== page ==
Langa used to be a “place of ubuntu” says 82-year-old resident
Langa centenary: former beauty queen Nomsa Banjatwa remembers a township abuzz with social events
Eighty-two-year-old Nomsa Maliza Banjatwa has lived in Langa, Cape Town, all her life. As the township prepares to celebrate its 100th birthday, she reflects on the way Langa has changed.
Banjatwa remembers a Langa abuzz with social events. There were beauty pageants, concerts and choral music, and most youngsters were part of a choir or a musical group, she says. She entered all the beauty pageants in the 1960s that were held in the township and has three titles under her belt, Miss Teenager, Miss Hairstyle and the one she was most known for in the community, Miss Cape Town.
“It was fun back in the day. We would wear our short dresses, takkies and have amazing hairstyles, those hairstyles that were done with those old hot irons. Some would even make their own costumes from scratch.”
Banjatwa was raised in a religious home by a strict single mother, a domestic worker who was also a fortune teller. “In isiXhosa we say ebengumntu omhlophe (a spiritually gifted person). She used a deck of cards for her predictions. Our house was always busy with people coming in and out for readings.”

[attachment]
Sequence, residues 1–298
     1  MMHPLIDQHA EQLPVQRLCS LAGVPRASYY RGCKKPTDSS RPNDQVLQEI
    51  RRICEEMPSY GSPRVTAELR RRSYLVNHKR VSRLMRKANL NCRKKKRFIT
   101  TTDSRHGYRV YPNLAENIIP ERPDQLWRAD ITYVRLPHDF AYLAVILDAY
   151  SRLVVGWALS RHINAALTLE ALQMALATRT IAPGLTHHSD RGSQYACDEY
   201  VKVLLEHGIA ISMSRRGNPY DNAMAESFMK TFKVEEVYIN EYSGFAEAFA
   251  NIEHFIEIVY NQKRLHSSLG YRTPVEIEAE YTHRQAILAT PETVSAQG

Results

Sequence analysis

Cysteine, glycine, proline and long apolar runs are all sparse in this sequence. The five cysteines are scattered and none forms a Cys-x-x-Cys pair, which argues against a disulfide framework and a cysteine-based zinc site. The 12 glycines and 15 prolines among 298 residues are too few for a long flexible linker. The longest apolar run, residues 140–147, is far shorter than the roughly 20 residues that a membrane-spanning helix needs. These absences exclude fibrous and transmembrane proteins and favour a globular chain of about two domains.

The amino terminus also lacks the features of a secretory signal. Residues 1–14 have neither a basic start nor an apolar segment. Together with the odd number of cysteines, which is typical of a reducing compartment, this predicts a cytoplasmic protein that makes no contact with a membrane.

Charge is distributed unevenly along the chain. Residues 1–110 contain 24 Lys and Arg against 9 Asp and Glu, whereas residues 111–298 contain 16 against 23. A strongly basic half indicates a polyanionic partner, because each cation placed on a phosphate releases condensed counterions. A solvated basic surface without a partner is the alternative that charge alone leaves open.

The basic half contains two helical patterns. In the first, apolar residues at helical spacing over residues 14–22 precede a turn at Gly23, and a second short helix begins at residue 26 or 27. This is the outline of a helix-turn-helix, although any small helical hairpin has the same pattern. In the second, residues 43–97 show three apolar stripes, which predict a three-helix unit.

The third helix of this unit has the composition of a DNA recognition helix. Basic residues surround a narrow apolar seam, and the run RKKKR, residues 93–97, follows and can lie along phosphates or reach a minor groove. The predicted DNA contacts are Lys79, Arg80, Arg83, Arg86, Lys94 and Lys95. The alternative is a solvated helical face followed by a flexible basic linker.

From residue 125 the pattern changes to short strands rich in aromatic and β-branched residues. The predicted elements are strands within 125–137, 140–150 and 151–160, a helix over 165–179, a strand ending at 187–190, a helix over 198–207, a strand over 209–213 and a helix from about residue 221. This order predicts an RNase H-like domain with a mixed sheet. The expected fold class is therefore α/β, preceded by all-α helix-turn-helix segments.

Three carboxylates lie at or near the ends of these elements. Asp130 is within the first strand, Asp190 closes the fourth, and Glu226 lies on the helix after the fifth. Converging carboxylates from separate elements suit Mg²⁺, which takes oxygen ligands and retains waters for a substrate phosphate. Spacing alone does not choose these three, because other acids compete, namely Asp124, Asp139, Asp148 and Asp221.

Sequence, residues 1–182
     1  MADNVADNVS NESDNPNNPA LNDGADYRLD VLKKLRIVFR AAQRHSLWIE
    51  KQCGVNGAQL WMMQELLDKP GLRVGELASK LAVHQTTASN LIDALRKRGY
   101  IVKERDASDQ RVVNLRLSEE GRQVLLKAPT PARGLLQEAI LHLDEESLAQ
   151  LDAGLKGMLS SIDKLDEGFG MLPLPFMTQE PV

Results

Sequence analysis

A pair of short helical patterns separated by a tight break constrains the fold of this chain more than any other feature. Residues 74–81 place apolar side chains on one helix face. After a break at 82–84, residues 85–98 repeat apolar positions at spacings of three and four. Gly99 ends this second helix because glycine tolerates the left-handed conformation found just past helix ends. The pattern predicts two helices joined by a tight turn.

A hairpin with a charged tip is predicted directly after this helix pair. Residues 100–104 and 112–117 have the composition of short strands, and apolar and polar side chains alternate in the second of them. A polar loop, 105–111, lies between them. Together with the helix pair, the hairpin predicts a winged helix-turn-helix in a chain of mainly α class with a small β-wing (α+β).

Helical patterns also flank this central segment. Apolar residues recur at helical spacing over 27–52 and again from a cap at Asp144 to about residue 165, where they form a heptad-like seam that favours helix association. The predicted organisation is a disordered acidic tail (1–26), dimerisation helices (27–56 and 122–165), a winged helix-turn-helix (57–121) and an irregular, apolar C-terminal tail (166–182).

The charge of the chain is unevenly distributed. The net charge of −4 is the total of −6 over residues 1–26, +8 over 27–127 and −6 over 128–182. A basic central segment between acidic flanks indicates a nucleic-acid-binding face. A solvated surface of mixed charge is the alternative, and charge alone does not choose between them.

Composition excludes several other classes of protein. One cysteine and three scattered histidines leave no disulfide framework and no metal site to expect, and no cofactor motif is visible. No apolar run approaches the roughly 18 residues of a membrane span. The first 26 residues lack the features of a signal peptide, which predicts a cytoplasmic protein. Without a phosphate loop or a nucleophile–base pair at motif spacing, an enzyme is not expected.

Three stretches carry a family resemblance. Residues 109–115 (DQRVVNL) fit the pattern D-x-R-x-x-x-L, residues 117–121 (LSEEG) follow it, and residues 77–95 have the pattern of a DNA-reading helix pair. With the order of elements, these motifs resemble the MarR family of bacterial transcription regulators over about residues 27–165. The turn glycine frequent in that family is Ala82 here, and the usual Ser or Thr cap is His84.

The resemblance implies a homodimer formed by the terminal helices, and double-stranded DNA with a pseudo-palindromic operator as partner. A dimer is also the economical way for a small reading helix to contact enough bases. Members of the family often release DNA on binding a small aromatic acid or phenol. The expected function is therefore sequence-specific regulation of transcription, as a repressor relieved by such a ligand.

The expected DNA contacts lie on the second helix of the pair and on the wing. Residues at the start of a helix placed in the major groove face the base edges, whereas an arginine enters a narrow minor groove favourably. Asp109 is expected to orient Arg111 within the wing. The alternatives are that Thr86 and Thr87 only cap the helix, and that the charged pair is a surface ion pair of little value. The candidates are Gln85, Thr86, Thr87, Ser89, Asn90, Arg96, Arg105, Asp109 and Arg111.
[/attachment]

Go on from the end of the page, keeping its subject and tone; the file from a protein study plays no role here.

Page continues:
“I went to the Dutch Reformed School now known as Moshesh Primary School. Then I did my high school years at the Langa High School, which was the only high school in Langa at the time.”
This was the time of Bantu Education, but the problem of being taught in Afrikaans, which was to spark the 1976 school revolt, did not affect Banjatwa. “Because I went to the Dutch Reformed Church School, I started at Langa High already familiar with the Afrikaans language, to the point where I even helped some students after school with extra lessons for Afrikaans.”
She remembers Langa as a “place of ubuntu”. “Langa was a township where older people were respected. Where your neighbour could send you to the corner store,” said Banjatwa.
In her opinion this has changed. “There is too much hooliganism. Some of the youths have lost respect.”
“Langa was a unique community, where people were reserved, polite and warm, and there was discipline. But there have been many changes economically, educationally and loss of jobs.”
“We used to go to a neighbour when we hadn’t seen him or her in a while, just to check on them. We would help each other. If someone had no food or if someone needed support for whatever reason, neighbours would come together and lend a hand. We never shunned one another. Your child was my child. But today, we don’t trust each other.”
“Today I can go and ask a neighbour for help, next day I will be a point of gossip in the taxi by the same neighbour who I asked help from.”
She said as elders in the community it was important that they try and bring Langa back to basics. But it would be difficult because they were living among people who did not care and were living among criminals, said Banjatwa.